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Canada's House votes to legalize gay marriage

TORONTO -- Canada's House of Commons voted yesterday to legalize gay marriage, passing landmark legislation that would grant all same-sex couples in Canada the same legal rights as those in traditional unions between a man and a woman.

The bill passed as expected, despite opposition from Conservatives and religious leaders. The legislation drafted by Prime Minister Paul Martin's minority Liberal Party government was also expected to pass the Senate easily and become federal law by the end of July.

The Netherlands and Belgium are the only other nations that allow gay marriage nationwide.

Some of Martin's Liberal lawmakers voted against the bill, and his Cabinet minister for economic development in Ontario, Joe Comuzzi, resigned yesterday over the legislation. But enough allies rallied to support the bill, which has been debated for months.

Martin said he regretted losing Comuzzi, but praised yesterday's vote as a necessary step for human rights.

''We are a nation of minorities," Martin said. ''And in a nation of minorities, it is important that you don't cherry-pick rights."

There are an estimated 34,000 gay and lesbian couples in Canada, according to government statistics. Before the measure passed, same-sex marriage was legal in seven provinces.

''This is a victory for Canadian values," said Alex Munter, national coordinator of Canadians for Equal Marriage, a group that has led the debate for the legislation.

Martin, a Roman Catholic, has said that despite anyone's personal beliefs, all Canadians should be granted the same rights to marriage.

Churches have expressed concern that their clergy would be compelled by law to perform same-sex ceremonies, with couples taking them to court or human rights tribunals if refused. The legislation, however, states that the bill only covers civil unions, not religious ones, and no clergy would be forced to perform same-sex ceremonies unless they choose to do so.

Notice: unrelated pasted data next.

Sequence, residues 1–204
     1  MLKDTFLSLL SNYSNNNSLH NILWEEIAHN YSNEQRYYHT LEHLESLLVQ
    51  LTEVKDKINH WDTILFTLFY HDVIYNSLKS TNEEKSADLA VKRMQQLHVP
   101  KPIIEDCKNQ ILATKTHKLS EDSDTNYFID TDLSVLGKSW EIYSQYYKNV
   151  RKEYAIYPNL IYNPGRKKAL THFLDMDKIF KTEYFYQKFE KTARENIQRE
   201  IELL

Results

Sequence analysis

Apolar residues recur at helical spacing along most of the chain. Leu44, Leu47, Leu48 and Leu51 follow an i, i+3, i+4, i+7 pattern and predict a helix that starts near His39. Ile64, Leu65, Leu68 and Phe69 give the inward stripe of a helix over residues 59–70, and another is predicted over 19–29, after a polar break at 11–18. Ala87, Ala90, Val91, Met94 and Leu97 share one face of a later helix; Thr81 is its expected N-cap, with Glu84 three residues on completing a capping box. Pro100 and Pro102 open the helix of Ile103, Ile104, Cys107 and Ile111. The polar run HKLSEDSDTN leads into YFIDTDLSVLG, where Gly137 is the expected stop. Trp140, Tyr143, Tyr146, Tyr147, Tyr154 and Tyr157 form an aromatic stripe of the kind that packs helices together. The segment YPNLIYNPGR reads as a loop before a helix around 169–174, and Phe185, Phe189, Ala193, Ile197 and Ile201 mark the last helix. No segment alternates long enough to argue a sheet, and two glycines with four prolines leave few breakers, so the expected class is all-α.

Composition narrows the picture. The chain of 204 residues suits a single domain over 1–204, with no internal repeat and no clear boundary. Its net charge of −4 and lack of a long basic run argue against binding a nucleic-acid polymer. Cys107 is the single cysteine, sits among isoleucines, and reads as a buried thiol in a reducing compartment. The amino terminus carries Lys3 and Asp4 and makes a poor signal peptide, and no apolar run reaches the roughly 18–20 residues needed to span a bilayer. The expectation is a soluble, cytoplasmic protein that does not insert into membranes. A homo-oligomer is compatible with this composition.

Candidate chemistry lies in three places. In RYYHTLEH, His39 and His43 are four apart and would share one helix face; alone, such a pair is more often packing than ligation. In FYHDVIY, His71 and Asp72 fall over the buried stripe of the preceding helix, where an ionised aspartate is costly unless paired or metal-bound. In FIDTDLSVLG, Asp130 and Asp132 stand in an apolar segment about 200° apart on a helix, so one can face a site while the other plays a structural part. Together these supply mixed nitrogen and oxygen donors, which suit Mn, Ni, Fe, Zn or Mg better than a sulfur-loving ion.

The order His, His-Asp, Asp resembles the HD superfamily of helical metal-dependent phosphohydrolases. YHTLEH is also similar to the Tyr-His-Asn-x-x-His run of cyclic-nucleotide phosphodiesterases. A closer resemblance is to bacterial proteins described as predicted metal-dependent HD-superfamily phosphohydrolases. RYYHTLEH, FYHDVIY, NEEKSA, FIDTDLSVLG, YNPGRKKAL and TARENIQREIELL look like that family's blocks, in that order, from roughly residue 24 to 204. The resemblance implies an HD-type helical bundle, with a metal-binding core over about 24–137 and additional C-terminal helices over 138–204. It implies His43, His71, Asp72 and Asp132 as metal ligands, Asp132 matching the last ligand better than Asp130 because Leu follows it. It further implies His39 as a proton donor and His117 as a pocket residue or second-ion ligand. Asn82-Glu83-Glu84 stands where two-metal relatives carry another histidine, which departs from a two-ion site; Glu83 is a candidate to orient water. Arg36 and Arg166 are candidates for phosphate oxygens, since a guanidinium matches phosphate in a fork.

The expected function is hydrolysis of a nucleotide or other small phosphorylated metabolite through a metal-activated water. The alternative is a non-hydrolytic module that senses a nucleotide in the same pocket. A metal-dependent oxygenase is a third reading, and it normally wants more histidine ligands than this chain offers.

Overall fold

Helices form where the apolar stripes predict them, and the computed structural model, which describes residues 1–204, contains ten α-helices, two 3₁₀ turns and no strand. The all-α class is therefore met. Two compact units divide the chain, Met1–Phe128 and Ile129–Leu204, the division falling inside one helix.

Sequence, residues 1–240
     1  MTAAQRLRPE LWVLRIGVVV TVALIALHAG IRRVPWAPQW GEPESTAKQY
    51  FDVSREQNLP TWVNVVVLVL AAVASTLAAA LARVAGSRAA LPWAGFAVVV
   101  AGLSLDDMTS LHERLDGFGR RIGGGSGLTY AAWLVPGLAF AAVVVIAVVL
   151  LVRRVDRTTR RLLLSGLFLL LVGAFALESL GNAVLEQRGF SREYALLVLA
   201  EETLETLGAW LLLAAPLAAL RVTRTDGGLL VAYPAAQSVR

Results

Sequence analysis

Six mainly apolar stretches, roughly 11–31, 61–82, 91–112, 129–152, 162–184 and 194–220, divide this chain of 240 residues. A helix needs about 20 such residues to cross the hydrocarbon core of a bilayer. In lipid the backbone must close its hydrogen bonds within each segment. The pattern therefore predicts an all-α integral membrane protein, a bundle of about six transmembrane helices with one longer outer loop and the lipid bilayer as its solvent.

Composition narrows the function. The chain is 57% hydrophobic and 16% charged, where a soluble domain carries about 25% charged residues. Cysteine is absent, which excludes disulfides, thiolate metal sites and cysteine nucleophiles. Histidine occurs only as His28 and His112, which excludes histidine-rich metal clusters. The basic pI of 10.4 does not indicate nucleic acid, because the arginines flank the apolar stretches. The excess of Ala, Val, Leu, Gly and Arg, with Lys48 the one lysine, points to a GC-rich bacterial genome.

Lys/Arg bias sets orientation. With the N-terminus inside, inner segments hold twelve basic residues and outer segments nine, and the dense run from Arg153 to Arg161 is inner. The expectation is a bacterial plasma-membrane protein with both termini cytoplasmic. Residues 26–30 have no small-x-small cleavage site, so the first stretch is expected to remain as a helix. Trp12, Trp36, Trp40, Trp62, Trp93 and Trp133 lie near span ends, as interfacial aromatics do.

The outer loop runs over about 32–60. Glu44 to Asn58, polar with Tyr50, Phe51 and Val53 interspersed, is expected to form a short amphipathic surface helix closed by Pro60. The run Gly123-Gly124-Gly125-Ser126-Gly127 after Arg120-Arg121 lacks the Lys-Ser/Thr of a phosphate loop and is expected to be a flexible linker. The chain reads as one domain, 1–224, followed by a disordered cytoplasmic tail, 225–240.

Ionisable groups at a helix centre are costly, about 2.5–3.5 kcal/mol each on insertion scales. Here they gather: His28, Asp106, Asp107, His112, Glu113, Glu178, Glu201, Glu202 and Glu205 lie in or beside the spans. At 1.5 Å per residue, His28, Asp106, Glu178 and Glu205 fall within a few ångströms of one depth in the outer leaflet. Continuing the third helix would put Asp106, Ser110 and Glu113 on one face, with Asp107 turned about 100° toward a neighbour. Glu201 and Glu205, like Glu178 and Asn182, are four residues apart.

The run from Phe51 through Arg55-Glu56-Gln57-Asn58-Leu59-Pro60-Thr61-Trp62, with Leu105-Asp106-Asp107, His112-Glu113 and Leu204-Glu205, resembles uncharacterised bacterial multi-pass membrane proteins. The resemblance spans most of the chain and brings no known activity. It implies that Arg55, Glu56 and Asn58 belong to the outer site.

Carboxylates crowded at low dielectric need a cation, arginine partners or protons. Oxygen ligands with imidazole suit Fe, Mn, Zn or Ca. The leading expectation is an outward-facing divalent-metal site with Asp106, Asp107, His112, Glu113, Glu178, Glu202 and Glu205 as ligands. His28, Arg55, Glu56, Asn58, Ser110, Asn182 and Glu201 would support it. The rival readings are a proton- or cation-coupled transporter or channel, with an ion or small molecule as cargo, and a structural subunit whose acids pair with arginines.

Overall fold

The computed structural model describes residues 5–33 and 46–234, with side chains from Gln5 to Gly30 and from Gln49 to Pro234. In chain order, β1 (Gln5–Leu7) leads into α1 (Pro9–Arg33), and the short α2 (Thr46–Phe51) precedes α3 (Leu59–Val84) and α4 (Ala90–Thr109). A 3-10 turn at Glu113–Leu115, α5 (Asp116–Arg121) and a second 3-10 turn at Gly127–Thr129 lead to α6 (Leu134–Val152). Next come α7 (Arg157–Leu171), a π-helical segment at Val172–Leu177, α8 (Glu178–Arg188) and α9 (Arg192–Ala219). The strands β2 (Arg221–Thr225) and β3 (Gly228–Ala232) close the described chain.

The Roman Catholic Church, the predominant Christian denomination in Canada, has vigorously opposed the legislation, saying that it would harm children in particular.

''Families with both mothers and fathers are generally better for children than those with only mothers or only fathers," Calgary Bishop Frederick Henry said in a recent statement.

The debate in Canada began in December, when the Supreme Court ruled that passage of same-sex marriage legislation would not violate the constitution.

According to most polls, a majority of Canadians support the right for gays and lesbians to marry. In the United States, a majority of Americans said they opposed same-sex marriage in an Associated Press-Ipsos poll taken in November, shortly after 11 states approved measures to ban same-sex marriage.

Massachusetts is the only state that allows gay marriages; Vermont and Connecticut have approved same-sex civil unions.

Roberta Sklar, spokeswoman for the National Gay and Lesbian Task Force in Washington, D.C., said same-sex American couples applaud Canadians.

''We know that it has been somewhat contentious in Canada, but at the same time the Canadians have largely approached this issue in a rational and democratic way and are providing a very positive model for the rest of the world," Sklar said.

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